There is a range of human political organization, from the indigenous, no-contact tribes to the power elite in their underground bunkers. I see a balance point in the networked ecovillage. Although the evolutionary discourse is sometimes scarred by the nihilistic intellectualism and desperate madness of the urban prisoner, there is a broader coalition here. Indigenous people, campesinos, environmentalists, libertarians, farmers and independent businesspeople are now coming to winnow the past together, separating that which we will take into our future, and that we will leave behind. This same process is at work in the well-known cooperation between liberal Representative and Presidential candidate Dennis Kucinich and his libertarian counterpart Ron Paul. Kucinich’s office once acknowledged to Tina Richards, campaign manager for Adam Kokesh in 2008 that Kucinich and Paul work more closely with each other than with those in their own party. Stitching together the legitimate philosophical, humanistic, and ecological impulses of both right and left will produce a populist coalition that finally overwhelms the influence of money, especially as the influence of money decays along with its value.
The importance of the Arab Spring flies far beyond the national, racial, and religious issues of its particular geographic location. The style of the modern revolution, invented by Gandhi and popularized by Martin Luther King and the student movements of the Sixties, has now penetrated all the way to Tel Aviv, where a record 250,000 people camped on Rothschild Boulevard earlier this month to demand social justice, fair access to housing and regime change. Look at the video. These are not just peace rallies, but permanent gatherings to address systemic issues widely appreciated by a broad and diverse cross section of humanity. And they are coming to a city near you. Actions in September in New York and October in Washington, DC are brewing. These US events, as much as they have in common with those of our recent and distant past, will all be of the species Tunis – Egyptus Tahriri.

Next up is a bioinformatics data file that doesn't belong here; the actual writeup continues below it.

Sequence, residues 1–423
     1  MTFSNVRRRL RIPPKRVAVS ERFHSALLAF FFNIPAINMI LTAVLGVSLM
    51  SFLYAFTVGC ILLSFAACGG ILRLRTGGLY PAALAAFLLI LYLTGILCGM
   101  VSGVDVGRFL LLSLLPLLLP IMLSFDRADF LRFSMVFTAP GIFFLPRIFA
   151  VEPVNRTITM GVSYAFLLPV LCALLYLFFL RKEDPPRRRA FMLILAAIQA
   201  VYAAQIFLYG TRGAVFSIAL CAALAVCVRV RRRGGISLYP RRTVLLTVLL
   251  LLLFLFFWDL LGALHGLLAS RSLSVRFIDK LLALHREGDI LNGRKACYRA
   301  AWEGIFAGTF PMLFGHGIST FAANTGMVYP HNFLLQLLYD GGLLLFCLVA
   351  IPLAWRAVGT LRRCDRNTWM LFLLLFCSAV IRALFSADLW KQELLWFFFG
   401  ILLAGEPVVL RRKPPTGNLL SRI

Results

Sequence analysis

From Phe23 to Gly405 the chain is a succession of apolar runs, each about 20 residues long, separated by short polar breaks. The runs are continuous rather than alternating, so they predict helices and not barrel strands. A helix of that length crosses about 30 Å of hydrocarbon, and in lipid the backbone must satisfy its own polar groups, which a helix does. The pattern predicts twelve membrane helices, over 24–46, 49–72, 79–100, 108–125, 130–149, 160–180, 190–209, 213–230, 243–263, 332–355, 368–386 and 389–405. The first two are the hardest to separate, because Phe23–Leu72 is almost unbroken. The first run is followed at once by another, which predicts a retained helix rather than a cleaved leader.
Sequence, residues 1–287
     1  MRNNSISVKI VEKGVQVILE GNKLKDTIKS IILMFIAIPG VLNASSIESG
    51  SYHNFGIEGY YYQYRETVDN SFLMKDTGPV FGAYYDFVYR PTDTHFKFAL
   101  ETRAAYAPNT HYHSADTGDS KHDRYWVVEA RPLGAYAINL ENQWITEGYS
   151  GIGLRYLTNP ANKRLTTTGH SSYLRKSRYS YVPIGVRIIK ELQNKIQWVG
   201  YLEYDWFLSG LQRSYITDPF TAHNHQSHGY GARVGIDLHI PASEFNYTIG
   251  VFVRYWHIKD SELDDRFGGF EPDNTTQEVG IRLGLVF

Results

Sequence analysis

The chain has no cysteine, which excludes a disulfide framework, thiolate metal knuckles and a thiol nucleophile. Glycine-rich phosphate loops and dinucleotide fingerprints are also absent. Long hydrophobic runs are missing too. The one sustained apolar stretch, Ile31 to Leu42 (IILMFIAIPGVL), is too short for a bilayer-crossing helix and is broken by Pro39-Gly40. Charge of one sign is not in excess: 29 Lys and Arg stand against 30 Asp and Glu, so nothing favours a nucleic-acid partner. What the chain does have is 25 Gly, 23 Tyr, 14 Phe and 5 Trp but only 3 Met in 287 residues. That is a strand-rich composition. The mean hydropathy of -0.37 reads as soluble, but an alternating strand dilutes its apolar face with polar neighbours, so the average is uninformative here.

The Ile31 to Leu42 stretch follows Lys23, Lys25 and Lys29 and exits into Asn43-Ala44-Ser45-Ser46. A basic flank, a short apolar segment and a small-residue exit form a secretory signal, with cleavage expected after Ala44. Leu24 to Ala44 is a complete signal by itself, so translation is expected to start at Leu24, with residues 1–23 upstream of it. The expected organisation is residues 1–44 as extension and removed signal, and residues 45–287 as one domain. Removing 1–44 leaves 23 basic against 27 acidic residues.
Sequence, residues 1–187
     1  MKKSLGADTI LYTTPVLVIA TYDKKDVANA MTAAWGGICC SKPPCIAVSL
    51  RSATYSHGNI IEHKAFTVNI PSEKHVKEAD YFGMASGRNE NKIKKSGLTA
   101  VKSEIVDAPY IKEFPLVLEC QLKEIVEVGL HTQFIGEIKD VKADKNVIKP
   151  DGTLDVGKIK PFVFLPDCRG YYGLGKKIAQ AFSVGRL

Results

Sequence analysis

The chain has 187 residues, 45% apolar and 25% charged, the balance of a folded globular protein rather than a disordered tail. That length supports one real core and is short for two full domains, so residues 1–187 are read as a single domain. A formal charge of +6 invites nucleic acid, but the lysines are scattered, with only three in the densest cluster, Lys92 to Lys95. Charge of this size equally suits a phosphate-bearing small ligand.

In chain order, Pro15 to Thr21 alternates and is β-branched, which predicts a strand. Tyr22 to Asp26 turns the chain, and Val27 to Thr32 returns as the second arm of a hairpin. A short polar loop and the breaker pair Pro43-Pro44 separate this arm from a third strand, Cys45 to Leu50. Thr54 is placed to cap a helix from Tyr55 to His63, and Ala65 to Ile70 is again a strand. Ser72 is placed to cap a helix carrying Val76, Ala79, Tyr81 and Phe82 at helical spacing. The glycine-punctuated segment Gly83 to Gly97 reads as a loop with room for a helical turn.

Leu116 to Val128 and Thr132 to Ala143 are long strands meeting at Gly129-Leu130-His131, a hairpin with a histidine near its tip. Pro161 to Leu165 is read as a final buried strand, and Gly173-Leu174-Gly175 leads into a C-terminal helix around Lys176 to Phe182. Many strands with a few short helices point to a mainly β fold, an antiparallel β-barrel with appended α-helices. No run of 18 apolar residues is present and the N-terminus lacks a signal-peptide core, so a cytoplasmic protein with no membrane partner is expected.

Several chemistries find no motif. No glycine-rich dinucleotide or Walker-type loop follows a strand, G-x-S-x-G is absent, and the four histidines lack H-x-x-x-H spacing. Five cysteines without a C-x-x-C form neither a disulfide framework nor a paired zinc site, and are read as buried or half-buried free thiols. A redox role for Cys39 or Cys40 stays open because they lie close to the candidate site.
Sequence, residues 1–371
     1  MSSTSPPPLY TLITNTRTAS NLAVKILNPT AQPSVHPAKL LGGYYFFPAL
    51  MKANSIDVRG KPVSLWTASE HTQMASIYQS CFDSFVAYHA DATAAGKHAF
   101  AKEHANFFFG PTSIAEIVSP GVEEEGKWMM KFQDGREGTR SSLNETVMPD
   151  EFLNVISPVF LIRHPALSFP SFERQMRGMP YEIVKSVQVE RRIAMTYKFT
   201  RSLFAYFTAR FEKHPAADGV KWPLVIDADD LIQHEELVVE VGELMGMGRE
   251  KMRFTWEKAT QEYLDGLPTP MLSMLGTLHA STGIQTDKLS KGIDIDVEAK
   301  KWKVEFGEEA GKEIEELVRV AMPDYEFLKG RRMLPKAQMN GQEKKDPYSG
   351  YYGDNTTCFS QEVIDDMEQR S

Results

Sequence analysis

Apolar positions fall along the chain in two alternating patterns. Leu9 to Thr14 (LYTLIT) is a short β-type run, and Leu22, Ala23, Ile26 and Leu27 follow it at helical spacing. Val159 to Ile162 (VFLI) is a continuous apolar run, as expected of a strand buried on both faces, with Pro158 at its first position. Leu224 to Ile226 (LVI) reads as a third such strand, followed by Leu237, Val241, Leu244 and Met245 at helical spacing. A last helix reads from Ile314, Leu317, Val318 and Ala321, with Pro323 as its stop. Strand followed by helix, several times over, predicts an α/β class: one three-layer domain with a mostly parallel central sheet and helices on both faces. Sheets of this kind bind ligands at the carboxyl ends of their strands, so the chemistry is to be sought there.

And thus we come to the most important question of all. As Kalle Lasn puts it, what is our one demand? Let us not be bound by the soundbite and twitter feed. Our power to do good derives from our ability to slow down, and make time for the important things in life. Let us take the time to think on this question – ruminating upon it – as even the best answers are usually fleeting and temporary by contrast to the eternal questions.
Before imagining an answer today, let me describe my assumptions. If we are to accept, as I believe we can, that there is a place for the rational, technological civilization with its comforts and culture in brotherhood alongside the indigenous way, we must examine it carefully to determine the heredity of its inherent flaws, so manifestly apparent today. If I were to name the flaw in this civilization’s design from which so many other ills derive, I might point to the money issuance methodology by which collective decision-making is accomplished. No other intellectual tradition has served so effectively to ensnare more and more of the Earth in the compounding growth of its “interest.”